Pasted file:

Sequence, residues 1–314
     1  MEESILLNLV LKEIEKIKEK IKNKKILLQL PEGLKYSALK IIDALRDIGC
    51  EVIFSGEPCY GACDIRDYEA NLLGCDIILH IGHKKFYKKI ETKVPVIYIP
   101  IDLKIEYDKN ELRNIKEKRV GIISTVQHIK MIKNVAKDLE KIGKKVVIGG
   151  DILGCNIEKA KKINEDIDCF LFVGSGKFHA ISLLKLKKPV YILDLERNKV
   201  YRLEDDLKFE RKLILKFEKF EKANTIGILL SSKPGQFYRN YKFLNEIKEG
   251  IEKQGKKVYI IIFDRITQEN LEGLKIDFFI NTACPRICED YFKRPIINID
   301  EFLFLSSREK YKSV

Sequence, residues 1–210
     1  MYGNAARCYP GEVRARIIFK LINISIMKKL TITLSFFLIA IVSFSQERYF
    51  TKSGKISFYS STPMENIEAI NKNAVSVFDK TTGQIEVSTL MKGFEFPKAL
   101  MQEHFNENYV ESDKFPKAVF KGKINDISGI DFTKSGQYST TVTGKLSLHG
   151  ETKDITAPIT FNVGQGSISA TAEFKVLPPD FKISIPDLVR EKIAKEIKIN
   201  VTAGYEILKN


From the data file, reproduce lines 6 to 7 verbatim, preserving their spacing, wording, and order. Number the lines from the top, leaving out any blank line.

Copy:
   201  YRLEDDLKFE RKLILKFEKF EKANTIGILL SSKPGQFYRN YKFLNEIKEG
   251  IEKQGKKVYI IIFDRITQEN LEGLKIDFFI NTACPRICED YFKRPIINID